Rob Lowe’s response
He said: “It’s basically a show that nobody wants to do. It’s really sad.”
Admitting he made a “huge mistake” by taking part, he added that there had been benefits to taking part.
“In an era when staying in the conversation is as important as anything else, I for sure have gotten more money and acclaim out of being in that Oscar opening number than if I had won an Oscar.”
The other bad bit
Later in the show there would be another big routine that flopped – Bob Hope and Lucille Ball introducing a 10-minute-long “stars of tomorrow” song-and-dance bit involving young actors mimicking Michael Jackson, sword-fighting and tap-dancing in MC Hammer-style trousers hoisted up to their throats.
“The 61st Academy Awards ceremony began by creating the impression that there would never be a 62nd,” wrote the New York Times’s Janet Maslin.
A man in trouble
Hollywood producer Allan Carr – renowned for his lavish parties – had been selected as the ideal antidote to what had become a boring, staid show. He promised “the antithesis of tacky” and “the most beautiful Academy Awards of all time”.
The opening 12 minutes were based on a musical revue called Beach Blanket Babylon, which Carr had seen at a nightclub in San Francisco; Carr hired its creator Steve Silver to direct it.
Sitting in the audience, Silver realised immediately how badly it had gone down. But Carr was oblivious until he found the usually supportive newspaper columnist Jeannie Williams in the press room.
She told him it was “over the top” and questioned what Snow White was doing in the Cocoanut Grove.
Academy’s apology to Disney
Carr knew he was in trouble. The morning after the Oscars – when normally a producer’s phone would be ringing off the hook with congratulatory messages – there was silence at Carr’s home.
But two critical – in both senses – pieces of correspondence did follow.
The first was from the Walt Disney Company. It was a legal case against the Academy for using their Snow White character without permission.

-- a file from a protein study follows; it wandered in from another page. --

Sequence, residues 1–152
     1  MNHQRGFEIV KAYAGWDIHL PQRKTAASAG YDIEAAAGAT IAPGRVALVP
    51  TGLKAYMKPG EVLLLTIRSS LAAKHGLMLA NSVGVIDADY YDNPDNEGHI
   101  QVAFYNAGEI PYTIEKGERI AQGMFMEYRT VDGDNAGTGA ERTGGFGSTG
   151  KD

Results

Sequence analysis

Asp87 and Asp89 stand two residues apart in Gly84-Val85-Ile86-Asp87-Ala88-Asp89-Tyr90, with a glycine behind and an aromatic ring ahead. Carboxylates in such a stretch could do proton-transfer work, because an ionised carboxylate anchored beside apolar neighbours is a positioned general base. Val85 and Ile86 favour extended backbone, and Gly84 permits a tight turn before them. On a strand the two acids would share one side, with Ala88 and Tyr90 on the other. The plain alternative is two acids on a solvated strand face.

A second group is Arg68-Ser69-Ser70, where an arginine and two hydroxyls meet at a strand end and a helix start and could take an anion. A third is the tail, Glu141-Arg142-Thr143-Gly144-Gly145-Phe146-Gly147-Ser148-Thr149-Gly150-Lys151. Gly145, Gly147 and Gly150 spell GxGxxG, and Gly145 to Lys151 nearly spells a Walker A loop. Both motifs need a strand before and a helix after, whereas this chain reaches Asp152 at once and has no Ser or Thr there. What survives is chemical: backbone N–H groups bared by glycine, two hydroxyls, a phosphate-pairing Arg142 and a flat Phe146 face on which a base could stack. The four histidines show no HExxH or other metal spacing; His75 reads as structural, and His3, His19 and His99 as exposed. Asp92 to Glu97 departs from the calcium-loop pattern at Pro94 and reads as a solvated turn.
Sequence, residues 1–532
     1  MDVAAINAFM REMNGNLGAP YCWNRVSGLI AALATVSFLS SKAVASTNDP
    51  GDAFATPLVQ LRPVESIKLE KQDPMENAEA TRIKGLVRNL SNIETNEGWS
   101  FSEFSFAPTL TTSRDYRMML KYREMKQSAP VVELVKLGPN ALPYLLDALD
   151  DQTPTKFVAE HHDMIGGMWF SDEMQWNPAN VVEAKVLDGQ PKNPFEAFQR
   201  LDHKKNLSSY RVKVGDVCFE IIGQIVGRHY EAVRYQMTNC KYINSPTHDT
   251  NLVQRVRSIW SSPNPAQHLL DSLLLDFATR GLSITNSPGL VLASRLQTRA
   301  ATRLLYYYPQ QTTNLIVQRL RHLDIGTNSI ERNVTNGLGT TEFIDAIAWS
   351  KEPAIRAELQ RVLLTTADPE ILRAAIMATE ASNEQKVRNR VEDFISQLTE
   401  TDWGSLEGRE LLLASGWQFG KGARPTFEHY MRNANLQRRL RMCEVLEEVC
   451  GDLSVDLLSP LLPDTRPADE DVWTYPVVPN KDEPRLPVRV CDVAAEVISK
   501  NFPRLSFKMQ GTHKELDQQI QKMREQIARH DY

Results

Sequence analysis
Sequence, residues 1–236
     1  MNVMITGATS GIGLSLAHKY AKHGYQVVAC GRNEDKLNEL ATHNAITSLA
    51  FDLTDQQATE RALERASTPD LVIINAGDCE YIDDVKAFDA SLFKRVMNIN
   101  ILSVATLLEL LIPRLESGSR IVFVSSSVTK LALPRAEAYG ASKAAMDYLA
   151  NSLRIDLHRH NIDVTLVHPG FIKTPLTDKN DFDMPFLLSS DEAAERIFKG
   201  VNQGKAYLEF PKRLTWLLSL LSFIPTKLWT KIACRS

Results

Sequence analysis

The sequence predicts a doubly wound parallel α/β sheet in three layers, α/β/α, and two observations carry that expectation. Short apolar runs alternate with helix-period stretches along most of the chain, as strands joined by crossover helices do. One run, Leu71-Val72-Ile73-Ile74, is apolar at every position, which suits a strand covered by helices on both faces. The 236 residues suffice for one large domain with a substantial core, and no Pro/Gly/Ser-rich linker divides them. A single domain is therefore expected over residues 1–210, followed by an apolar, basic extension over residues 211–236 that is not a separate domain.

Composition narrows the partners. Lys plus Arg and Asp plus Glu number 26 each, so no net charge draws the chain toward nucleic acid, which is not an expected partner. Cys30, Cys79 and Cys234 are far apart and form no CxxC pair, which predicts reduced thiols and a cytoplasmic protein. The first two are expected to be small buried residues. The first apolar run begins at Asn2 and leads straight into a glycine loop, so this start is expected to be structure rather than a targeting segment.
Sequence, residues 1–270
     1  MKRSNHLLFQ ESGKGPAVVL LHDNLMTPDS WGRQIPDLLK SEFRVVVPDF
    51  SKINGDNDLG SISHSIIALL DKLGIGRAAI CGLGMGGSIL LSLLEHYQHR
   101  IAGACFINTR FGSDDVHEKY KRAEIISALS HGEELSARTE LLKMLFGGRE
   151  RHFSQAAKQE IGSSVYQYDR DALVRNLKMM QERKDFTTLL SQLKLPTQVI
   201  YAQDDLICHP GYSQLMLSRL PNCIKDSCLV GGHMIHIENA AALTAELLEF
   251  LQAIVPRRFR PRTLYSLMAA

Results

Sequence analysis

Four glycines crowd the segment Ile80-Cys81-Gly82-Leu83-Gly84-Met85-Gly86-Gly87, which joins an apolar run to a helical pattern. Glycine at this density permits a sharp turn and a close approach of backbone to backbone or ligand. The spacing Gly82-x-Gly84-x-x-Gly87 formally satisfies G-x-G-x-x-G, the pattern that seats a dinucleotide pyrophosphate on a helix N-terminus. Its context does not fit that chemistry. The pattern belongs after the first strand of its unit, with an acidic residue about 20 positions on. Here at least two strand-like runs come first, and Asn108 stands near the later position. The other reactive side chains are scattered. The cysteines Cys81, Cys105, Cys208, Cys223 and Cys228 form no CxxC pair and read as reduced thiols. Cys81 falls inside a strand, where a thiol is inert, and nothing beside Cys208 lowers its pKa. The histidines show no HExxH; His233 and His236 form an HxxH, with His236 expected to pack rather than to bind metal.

The Academy went on to apologise for the “unauthorised use of Disney’s copyrighted Snow White character” and for “unintentionally creating the impression that Disney had participated in or sanctioned the opening production number on the Academy Awards telecast”.
The other letter was from some 17 Hollywood figures – including Julie Andrews, Paul Newman, Billy Wilder, Sidney Lumet and former Academy president Gregory Peck – which denounced what happened at the Shrine as “demeaning” and “an embarrassment to both the Academy and the entire motion picture industry.”
Some of the signatories were people who had been regulars at Carr’s parties.
Change that lasts
Carr, whose career highlights had included writing and producing credits for Grease, had his reputation in Hollywood dented. It never fully recovered and he died of liver cancer in 1999 at the age of 62.
But amidst the criticism of the show, which was later described by Hollywood Reporter as “Oscar’s biggest goof”, Carr had reversed the decline in viewing figures; 42.7m watched across the US. (For context, that is 10m more than watched the 2018 ceremony).
He had also made a number of changes that define the ceremony to this day.
The phrase “and the winner is…” was replaced by “and the Oscar goes to…”, which sounded less exclusionary.
The arrival of the stars on the red carpet – which now has its own show – was given much greater prominence. And Bruce Vilanch, hired by Carr, remained the chief writer of the show over the next two decades.
And indeed Vilanch’s gags found their perfect voice in a certain Billy Crystal. Carr had selected him to deliver a monologue at the 1989 Oscars and it went so well that he was asked to be the full-time host for 1990.
His first line? “Is that [applause] for me, or are you just glad I’m not Snow White?”